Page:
The most important concept to understand is keyframes. I can move my viewpoint to a new position and tap the Add Keyframe button to record that position. I pinch and drag to move to another location and camera angle, then click the plus button at the right to add another keyframe.
Luma AI places keyframes two seconds apart, and pressing the play button shows how it smoothly glides the virtual camera through those two points.
I continue to add keyframes to plot out a drone-like path. It’s laborious compared to walking and moving my iPhone in AR mode, but keyframing allows greater precision.
Dragging the purple, diamond-shaped keyframes below the camera view allows me to fine-tune the timing. The stopwatch icon allows me to adjust the total length to speed up or slow down the entire video.
I can tap the Overview tab at the top of the screen to see the camera path as a purple line with blue camera icons at each keyframe location. On the iPhone, this is only useful as a visualization. If I open the web app, I can drag the camera icons in overview mode to change their positions and angles, smoothing out the action.
There are many more options, but this is the basic process. When I’m happy with my flight path, I use the options at the bottom of the screen to set the resolution and aspect ratio, toggle the NeRF background on or off, and other settings.
The final step is to hit Render and wait. Luma AI will upload these details to Luma Labs’ servers to create the video. Your iPhone isn’t needed for this step. You can close the app, record another NeRF or work on other animations.
When the render is complete, I can download the video to use as a part of a longer video or to share as it is. Professional videographers might combine NeRF video with actual video to get the versatility of AI-generated images and the superior quality of reality.
The video below by Jake Oleson using Luma AI and was highlighted by Luma Labs in a recent blog post. The video was edited to put together several NeRFs, giving an example of what’s possible with sufficient time and creativity.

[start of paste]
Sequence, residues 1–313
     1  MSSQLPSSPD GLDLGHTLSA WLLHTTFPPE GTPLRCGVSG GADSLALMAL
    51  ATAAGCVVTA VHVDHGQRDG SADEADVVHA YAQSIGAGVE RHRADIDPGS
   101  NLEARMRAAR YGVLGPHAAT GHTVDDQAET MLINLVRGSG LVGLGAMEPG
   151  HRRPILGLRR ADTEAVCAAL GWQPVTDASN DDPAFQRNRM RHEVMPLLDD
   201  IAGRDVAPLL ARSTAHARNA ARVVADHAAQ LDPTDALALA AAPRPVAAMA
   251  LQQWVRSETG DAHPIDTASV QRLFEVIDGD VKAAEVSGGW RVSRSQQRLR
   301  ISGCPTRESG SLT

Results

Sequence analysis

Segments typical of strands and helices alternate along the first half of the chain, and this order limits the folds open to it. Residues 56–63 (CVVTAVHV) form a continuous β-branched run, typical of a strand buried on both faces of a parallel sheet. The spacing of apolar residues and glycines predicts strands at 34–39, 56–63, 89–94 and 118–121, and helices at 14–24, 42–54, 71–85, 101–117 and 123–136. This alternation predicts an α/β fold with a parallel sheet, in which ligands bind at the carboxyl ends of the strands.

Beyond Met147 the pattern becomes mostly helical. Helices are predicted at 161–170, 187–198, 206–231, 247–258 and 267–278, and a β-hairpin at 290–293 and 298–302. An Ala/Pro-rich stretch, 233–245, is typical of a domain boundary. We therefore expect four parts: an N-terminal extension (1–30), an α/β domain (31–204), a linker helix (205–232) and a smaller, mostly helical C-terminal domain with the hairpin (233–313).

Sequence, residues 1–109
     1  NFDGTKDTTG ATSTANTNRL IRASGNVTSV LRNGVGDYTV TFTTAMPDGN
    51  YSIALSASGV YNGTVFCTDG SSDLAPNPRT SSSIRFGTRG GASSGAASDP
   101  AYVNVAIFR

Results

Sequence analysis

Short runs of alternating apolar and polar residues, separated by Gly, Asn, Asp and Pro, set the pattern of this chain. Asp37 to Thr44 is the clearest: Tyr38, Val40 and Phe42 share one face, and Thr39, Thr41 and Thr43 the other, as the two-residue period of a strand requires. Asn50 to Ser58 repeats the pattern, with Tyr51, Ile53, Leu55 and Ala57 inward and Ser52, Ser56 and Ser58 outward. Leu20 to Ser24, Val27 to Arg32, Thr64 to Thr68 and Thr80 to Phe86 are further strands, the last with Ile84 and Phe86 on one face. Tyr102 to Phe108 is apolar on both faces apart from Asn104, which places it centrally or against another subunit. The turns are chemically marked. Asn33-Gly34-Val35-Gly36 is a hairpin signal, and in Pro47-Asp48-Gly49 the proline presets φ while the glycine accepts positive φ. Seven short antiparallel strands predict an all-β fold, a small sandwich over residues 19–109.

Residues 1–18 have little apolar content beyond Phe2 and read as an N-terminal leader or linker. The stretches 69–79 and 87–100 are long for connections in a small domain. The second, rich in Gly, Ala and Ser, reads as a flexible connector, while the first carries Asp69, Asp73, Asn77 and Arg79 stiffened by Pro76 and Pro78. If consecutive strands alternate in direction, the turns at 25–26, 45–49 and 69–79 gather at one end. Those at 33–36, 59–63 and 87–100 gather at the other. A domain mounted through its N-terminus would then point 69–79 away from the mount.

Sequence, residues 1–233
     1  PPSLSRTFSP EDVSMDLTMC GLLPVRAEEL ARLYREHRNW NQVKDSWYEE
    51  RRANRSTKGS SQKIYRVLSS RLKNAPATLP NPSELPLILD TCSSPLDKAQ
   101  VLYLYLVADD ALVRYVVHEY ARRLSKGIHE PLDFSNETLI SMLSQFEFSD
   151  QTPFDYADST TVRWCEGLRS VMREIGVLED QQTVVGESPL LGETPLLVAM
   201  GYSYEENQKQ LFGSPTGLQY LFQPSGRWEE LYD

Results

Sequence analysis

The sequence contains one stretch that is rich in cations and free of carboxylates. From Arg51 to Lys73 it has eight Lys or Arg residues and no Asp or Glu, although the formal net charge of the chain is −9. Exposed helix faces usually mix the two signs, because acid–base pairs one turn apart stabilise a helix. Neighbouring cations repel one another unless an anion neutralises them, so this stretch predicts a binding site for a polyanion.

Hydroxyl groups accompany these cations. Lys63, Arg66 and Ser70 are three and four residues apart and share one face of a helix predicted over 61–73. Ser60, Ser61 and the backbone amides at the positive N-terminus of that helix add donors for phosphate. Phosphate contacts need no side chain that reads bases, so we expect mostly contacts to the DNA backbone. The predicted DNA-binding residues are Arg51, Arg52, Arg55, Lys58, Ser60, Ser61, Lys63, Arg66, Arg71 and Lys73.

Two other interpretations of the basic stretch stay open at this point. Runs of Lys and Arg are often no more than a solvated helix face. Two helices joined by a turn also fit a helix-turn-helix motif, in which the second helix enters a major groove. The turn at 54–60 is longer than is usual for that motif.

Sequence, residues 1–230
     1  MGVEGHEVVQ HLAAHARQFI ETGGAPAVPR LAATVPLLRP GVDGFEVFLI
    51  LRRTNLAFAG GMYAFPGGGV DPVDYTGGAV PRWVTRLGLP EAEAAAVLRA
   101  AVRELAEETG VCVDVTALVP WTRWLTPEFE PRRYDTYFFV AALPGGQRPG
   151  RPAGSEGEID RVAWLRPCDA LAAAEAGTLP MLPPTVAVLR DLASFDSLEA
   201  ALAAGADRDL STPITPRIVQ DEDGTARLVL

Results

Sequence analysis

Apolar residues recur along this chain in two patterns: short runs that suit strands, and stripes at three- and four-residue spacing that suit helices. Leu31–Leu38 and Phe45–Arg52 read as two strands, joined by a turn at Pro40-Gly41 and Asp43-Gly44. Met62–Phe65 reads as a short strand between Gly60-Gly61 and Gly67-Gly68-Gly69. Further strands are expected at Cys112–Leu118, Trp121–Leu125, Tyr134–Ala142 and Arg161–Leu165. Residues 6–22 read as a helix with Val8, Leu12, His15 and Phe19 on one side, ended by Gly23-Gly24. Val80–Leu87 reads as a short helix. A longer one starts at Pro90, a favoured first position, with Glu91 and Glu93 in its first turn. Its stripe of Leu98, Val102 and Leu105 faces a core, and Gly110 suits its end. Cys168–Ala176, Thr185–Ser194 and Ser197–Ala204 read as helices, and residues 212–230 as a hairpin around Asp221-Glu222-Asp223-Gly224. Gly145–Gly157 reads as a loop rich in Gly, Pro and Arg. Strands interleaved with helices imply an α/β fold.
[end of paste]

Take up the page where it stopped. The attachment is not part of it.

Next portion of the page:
The limitations of NeRFs
Since Luma AI uses NeRFs, I often see “floaters,” the equivalent of noise or artifacts in the AI model. If I move slowly and steadily enough while capturing the NeRF, this problem is minimized, and the details are sharper. Doing this over uneven terrain is challenging, but it’s worth the effort.
When viewing a Luma AI NeRF or when recording a camera path for a video, there’s a limit to how far and where you can move without these distortions hurting the realism. That will improve as this technology evolves, and Luma Labs has already significantly enhanced the quality.
As I move further from the center of the NeRF, the scene distorts and blurs due to a lack of detail. The AI lacks the spatial information to faithfully reconstruct objects at the far edges of the capture area. The scene gets weird if you venture too far.
That can be fun to explore. In some videos, I take advantage of this to create a warp effect to transport to what looks like another dimension. When editing, it’s possible to get lost in these distorted “pocket worlds.”
There’s an easy solution when that happens. If I tap a keyframe, I can return to a coherent section and continue editing.
Luma AI makes NeRFs accessible
Neural radiance fields have been around for several years, but were difficult to use. The technology has finally become accessible enough for anyone to use. Nvidia’s InstantNGP was a step in the right direction, allowing quick viewing on a computer.
Luma Labs makes NeRFs almost as easy as recording a video. I can capture a moment in three dimensions, then reshoot it as a video at any time later using a virtual camera.
The possibilities are endless. As this technology advances, NeRFs will be a valuable tool for the metaverse, simplifying the creation of 3D objects and places. You can already view NeRFs in VR if you have a compatible computer and headset.